CSIRO, in partnership with Australian Department of Defence, undertook the studies in collaboration with the 5 Nation Research and Development (5RD) Council, which comprises representatives from the UK, USA, Canada, New Zealand and Australia. Each country is conducting research on different aspects of virus survivability with the results shared as they become available.

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Images

  • This infographic presents the results of our study which investigated how long SARS-CoV-2 survived on six different surfaces at three temperature, 20, 30 and 40 degrees celsius.

    This infographic presents the results of our study which investigated how long SARS-CoV-2 survived on six different surfaces at three temperature, 20, 30 and 40 degrees celsius.

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  • Three small squares of white cotton cloth in a round glass dish.

    A droplet of SARS-CoV-2 in artificial mucous has absorbed into cotton cloth.

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  • Three small rectangles of clear glass, each with a circle of dried virus, with uneven surface. in the middle of them. All three rectangles are within a clear circular dish.

    A dried droplet of SARS-CoV-2 in artificial mucous, on glass, twenty-four hours after application.

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  • Small circle of dried virus with an uneven surface in the middle of a rectangular piece of clear smooth vinyl.

    A dried droplet of SARS-CoV-2 in artificial mucous, on clear vinyl, one hour after application.

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  • A stainless steel bench with several different objects on it and at the left of the picture is a person’s arm in yellow protective clothing.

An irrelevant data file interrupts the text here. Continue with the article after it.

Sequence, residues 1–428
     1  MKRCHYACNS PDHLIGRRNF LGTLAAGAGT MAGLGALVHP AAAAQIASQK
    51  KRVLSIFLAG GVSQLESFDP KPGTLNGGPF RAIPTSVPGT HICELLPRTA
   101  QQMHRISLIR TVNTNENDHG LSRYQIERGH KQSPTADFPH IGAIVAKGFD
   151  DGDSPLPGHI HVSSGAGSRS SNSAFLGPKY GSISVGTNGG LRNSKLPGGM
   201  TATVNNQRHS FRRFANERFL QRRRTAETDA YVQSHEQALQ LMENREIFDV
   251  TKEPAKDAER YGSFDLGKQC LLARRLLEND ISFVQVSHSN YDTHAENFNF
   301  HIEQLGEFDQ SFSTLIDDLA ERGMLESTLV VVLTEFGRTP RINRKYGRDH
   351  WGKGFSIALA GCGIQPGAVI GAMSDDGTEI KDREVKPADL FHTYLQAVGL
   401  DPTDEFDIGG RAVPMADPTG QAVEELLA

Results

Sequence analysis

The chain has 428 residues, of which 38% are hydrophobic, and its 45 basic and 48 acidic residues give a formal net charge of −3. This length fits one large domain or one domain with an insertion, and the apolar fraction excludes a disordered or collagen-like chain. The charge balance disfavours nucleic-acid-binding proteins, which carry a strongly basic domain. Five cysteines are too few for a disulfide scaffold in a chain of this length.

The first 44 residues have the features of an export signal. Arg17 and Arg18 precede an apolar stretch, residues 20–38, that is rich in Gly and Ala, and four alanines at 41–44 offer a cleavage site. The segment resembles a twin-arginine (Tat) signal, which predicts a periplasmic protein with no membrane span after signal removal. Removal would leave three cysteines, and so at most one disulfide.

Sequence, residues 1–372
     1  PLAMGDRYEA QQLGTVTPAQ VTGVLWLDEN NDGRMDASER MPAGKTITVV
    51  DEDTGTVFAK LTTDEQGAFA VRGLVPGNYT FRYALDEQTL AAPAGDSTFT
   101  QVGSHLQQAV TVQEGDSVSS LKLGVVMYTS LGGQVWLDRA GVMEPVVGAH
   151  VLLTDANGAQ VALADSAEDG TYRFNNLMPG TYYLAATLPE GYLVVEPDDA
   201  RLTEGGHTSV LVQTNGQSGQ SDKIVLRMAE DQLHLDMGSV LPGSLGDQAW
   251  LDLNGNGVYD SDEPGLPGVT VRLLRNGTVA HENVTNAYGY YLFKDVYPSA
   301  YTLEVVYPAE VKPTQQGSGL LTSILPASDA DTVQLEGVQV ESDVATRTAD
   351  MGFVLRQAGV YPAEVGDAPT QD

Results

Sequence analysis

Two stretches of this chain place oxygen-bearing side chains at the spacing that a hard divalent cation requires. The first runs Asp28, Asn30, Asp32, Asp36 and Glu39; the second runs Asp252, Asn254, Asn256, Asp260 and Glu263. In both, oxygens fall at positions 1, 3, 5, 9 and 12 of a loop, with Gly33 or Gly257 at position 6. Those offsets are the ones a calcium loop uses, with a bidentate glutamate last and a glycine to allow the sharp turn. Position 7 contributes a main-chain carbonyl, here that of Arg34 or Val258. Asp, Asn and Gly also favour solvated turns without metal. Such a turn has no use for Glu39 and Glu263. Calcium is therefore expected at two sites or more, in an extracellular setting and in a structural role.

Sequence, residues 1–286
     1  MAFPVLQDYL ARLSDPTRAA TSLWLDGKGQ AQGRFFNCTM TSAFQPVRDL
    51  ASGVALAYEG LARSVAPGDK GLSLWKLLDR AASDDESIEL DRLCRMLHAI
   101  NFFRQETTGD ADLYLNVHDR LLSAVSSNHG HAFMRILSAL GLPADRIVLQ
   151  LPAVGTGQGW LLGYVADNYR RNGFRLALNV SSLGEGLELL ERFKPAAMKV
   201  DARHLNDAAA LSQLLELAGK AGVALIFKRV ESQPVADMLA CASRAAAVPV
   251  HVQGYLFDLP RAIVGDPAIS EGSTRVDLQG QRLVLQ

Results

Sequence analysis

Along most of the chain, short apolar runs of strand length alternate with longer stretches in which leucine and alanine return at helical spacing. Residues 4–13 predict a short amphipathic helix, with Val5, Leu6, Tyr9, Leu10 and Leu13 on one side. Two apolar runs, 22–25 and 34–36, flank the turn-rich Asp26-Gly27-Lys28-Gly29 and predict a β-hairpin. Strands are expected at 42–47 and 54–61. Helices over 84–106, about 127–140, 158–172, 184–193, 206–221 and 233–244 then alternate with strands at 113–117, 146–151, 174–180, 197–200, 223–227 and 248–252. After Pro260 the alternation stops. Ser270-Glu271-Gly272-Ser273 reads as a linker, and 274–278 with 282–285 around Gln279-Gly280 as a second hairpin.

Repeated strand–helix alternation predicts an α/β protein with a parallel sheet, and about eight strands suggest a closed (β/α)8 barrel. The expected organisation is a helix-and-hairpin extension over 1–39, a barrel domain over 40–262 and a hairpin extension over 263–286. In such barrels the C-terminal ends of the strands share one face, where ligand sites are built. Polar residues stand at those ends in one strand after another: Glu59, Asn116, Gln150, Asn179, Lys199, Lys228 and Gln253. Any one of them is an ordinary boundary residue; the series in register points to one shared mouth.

Droplets of SARS-CoV-2 in artificial mucous were applied to test surfaces. The work is being done within our highly secure Biosecurity Level 4 laboratories at the Australian Centre for Disease Preparedness.

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  • A person wearing a bright yellow fully enclosed biosecurity suit is sitting at a laboratory cabinet.

    Droplets of SARS-CoV-2 in artificial mucous were applied to test surfaces. The work is being done within our highly secure Biosecurity Level 4 laboratories at the Australian Centre for Disease Preparedness.

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  • A droplet of liquid forming a circular mound in the middle of a small sqaure of cut Australian five dollar banknote.

    Droplet of SARS-CoV-2 in artificial mucous on a small section of the Australian five dollar banknote.

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  • One droplet of liquid forming a circular mound is in the middle of a rectangular piece of clear vinyl.

    A droplet SARS-CoV-2 in artificial mucous on clear vinyl.

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  • A small circle of dried liquid on a rectangular piece of glass.

    Dried SARS-CoV-2 in artificial mucous on glass.

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  • One droplet of liquid forming a circular mound is in the middle of a small rectangular piece of glass.

    A droplet of SARS-CoV-2 in artificial mucous on glass.

    Download image
  • Dried liquid left as a circle in the middle of a small rectangular piece of paper banknote.

    Dried SARS-CoV-2 in artificial mucous on a small section of a paper banknote.

    Download image
  • A droplet of liquid forming a circular mound in the middle of each of three small rectangles of cut paper banknote.

    Droplet of SARS-CoV-2 in artificial mucous on a small section of a paper banknote.

    Download image
  • A small circle of dried virus with an uneven surface on a small circular disc of stainless steel.

    Dried droplet of SARS-CoV-2 in artificial mucous on stainless steel.